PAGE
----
There are still some activists who are still trying to ban any form of hunting 17 years after the Hunting Act outlawed the killing of foxes with hounds.

Campaigning charity the League Against Cruel Sports on Boxing Day issued another call to stop packs going out on public land.

Chris Luffingham, director of external affairs at the LACS, said: ‘We know, and it has been found in court, that hunters use the excuse of so-called trail hunting to carry on as they always have.

‘Their breathtaking arrogance in thinking the rules simply don’t apply to them cannot be tolerated by the general public any longer, who are getting very adept at seeing through the pathetic smokescreen of half truths and lies.

‘Enough is enough. We have been told that specific government departments are responsible for how they manage their land, and therefore we call upon the Defence Infrastructure Organisation to end the issuing of trail hunting licences on behalf of the Ministry of Defence.

‘Similarly, we urge Forestry England to make their suspension of licences permanent, following the likes of the National Trust, Natural Resources Wales, national parks and local councils who have all seen past the smokescreen and understand trail hunting is simply old-fashioned illegal hunting by another name.’

He added: ‘It’s time all major landowners permanently banned trail hunting on their land and that the government strengthens the Hunting Act to ensure its loopholes can no longer be exploited.’

Despite Sunday traditionally being a day of rest for hunts, some headed out yesterday to take part in the Boxing Day hunts.

Members of The South Downs Bloodhounds wear their new mustard coat uniform ahead of the annual Boxing Day trail hunt near Petersfield, Hampshire

Hundreds of supporters wrapped up in their hats and scarves to watch the annual event, which took place in various locations across the country. Pictured: Hounds and horses of the Grove and Rufford Hunt meet at the King William Inn, Scaftworth, Nottinghamshire, yesterday

A hound makes friends with one of the 80-strong crowd, who donned a camo style jacket, to watch the hunt in Scaftworth, Nottinghamshire earlier yesterday (pictured)

Large crowds wrapped up in their woolly hats, jackets and scarves begin to gather in Petersfield yesterday morning for the annual event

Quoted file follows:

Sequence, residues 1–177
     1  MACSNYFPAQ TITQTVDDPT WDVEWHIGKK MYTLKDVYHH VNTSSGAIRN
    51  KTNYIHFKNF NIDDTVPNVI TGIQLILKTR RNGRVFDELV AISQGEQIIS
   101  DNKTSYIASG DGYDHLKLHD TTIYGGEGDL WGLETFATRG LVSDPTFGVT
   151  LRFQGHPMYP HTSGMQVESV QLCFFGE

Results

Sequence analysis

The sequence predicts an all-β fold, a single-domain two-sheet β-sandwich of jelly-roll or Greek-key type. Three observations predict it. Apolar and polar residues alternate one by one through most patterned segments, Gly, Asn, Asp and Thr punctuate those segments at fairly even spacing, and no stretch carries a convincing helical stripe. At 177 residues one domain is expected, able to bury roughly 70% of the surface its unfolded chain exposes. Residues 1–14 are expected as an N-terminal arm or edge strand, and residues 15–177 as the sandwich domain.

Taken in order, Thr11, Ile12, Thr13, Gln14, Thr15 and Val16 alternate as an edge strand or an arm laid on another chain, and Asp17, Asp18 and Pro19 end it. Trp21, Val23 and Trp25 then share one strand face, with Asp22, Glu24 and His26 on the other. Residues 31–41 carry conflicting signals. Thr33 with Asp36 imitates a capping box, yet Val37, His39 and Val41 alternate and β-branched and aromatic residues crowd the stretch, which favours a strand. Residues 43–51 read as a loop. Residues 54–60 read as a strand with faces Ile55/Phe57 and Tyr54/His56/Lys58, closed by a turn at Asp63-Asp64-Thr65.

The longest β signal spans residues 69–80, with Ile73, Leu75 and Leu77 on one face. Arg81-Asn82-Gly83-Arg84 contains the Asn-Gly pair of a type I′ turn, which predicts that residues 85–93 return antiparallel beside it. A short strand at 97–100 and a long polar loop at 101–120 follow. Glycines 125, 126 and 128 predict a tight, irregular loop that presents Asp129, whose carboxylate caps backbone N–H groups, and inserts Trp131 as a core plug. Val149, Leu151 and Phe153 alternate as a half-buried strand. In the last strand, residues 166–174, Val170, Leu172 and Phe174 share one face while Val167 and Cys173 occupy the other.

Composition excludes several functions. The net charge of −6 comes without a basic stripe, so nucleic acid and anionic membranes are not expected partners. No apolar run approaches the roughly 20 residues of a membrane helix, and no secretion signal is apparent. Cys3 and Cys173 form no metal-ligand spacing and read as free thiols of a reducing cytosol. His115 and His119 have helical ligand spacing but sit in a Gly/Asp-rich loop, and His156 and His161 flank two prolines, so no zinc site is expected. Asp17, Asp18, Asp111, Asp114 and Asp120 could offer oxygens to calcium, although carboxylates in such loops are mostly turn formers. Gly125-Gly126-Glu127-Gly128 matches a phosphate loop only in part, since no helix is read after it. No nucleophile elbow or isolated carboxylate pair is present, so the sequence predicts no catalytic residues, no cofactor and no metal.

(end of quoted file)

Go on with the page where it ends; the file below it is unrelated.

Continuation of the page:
Before the traditional hunt got underway, children were seen petting the hounds as the riders and their horses got ready to begin

Hundreds of supporters wrapped up in their hats and scarves to watch the annual event, which took place in various locations across the country.

Spectators descended upon the market town of Petersfield as members of The South Downs Bloodhounds took part in the annual tradition.

Dressed in their new mustard coat uniforms and sporting festive mice pie and Santa hats, riders on horseback made their way through the town’s streets as their supporters came out to watch.

The South Downs Bloodhounds, which was formed in 2004, usually begin their season around the end of August, with people able to follow the hunt from the road or from their cars.

The latest event comes just days after the group gathered in foggy conditions for a hunt near Cranborne Manor in East Dorset.

This month the group also carried out hunts near Whitewool Farm in East Meon and Milton Hill Farm in Pewsey.

Riders on horseback wear their new mustard coats ahead of the annual Boxing Day trail hunt near Petersfield yesterday morning

Riders wear festive hats as they take part in The South Downs Bloodhounds annual Boxing Day trail hunt yesterday morning

The South Downs Bloodhounds usually begin their active hunting season around the end of August with supporters able to follow them by foot

Two riders sit on their horses as they take part in The South Downs Bloodhounds annual Boxing Day trail hunt yesterday

Hundreds people begin to come to watch the annual Boxing Day trail hunt in Hampshire yesterday despite the cold and wet weather conditions

Riders on horseback prepare for The South Downs Bloodhounds Boxing Day trail hunt in Petersfield yesterday morning